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Pair of Thetford care homes run by the Royal Mencap Society placed in special measures after inadequate Care Quality Commission rating

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Two care homes in Thetford have been rated inadequate and placed in special measures following inspections in March.

The services, Foxglove and Daisy on Lambert's in the town, are run by the Royal Mencap Society and care for people with a learning disability and autistic people.

The inspections were carried out after the Care Quality Commission (CQC) received several concerns around staffing levels and the way medicines were managed.

Lambert's, Thetford, where the two care homes are based. Picture: Google maps
Lambert's, Thetford, where the two care homes are based. Picture: Google maps

Following CQC inspections, which identified issues with care in both instances, the services are now in special measures and remain under review to ensure residents safety.

They will also be inspected within six months to assess whether improvements have been made.

Both care homes were rated inadequate for being safe and well-led. They were also rated 'requires improvement' for being effective, caring and responsive to people's needs.

At Daisy, people prone to choking were found to be eating unsupervised. There was also not enough staff to support a person who needed regular repositioning.

Inspectors also found poor cleanliness impacted people’s standards of living, and infection risks were not well controlled.

Insufficient staffing levels and staff shortages were cited as the cause of many issues within the establishments.

They added that behind the issues was a 'lack of strong leadership' and said leaders also had 'poor oversight of staff training and competence'.

Deborah Ivanova, CQC director for people with a learning disability and autistic people, said:“The care being provided to people at both these services was inadequate and fell way below the standards that people should expect.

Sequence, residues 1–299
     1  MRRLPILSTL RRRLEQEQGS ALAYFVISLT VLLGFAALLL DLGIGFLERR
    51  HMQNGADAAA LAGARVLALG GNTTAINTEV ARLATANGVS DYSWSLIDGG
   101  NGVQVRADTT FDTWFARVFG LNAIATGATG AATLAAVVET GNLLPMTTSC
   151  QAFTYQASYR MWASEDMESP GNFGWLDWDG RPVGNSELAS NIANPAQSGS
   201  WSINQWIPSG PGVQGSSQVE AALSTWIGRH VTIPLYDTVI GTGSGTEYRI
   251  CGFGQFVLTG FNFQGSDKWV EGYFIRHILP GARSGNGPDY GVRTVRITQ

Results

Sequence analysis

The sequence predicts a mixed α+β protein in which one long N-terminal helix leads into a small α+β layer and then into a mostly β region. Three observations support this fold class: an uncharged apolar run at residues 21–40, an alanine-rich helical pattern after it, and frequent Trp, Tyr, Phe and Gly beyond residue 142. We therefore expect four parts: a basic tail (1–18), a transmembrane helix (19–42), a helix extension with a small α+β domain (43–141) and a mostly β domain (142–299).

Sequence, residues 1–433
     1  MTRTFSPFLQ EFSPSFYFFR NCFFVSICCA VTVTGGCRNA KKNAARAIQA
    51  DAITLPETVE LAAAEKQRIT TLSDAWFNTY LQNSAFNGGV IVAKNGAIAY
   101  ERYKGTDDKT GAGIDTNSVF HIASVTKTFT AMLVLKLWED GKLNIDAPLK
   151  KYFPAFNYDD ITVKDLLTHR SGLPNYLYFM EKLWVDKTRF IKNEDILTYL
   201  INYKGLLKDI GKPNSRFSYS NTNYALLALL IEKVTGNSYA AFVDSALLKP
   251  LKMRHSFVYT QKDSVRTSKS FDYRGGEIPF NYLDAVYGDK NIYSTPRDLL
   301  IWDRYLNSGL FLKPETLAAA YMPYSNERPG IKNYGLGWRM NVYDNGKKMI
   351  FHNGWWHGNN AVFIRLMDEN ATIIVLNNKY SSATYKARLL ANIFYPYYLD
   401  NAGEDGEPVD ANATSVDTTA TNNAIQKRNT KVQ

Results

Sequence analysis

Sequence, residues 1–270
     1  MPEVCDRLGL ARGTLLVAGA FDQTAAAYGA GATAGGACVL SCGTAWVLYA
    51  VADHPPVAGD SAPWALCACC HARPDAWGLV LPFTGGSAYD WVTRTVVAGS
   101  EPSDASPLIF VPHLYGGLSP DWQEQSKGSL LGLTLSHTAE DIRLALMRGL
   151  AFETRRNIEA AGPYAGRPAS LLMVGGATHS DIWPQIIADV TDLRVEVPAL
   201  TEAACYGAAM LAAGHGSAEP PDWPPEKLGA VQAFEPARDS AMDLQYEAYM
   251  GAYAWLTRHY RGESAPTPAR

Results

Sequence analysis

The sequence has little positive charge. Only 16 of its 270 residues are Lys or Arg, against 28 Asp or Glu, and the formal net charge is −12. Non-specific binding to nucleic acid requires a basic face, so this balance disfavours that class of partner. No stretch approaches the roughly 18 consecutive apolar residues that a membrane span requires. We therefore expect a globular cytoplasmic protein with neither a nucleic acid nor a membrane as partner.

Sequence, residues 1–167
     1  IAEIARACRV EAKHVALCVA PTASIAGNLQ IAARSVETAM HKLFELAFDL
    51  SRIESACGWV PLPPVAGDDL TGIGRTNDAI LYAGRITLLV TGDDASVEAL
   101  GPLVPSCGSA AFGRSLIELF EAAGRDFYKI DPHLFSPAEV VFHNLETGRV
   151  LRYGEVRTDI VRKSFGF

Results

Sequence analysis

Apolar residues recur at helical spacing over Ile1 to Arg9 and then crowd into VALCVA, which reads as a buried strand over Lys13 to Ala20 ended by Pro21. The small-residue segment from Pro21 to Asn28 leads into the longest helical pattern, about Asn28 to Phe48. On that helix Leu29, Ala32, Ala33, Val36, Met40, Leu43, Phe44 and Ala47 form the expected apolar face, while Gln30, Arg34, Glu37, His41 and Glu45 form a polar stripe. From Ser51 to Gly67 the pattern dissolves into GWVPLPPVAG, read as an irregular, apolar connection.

"People’s lives were restricted, and they were not able to experience full and rewarding lives. This is not acceptable.

“We found that premises weren’t always clean and well-maintained, and that there weren’t enough trained staff to keep people safe. Staff shortages affected the quality of care that people received and exposed them to increased risk of harm.

“We have raised our concerns with the Royal Mencap Society and both services will be supported to ensure people are safe and improvements are made.

“We will monitor the homes closely, and we will not allow them to provide a service to people if we’re not assured people living at the service can be well cared for.”

Inspectors did find that staff treated people with compassion and kindness, respected resident privacy and allowed residents to express their individuality.

One person told inspectors they were able to attend church, which meant they could keep in contact with people they’d known for a long time.

John Cowman, Chief Operating Officer at learning disability charity, Mencap said: “We want to apologise to the people who live in Daisy and Foxglove and their families, and to our colleagues who work so hard to support them. We have let you down and are very sorry. Clearly, we must do better.

"Following this rating, we have met with families to discuss the changes needed and have already implemented many of the improvements recommended in the report. We hope to see a positive outcome at our next inspection.

"This is the first inadequate CQC rating Mencap has had in decades of providing services, and we intend for it to be the last.

"Prior to this, 97% of Mencap’s services were rated as good or outstanding. As a charity and service provider we are committed to delivering high-quality services that enable the 1.5 million people in the UK living with a learning disability, to live better lives.”

The care homes will be reviewed again in six months time. For more information visit the CQC website.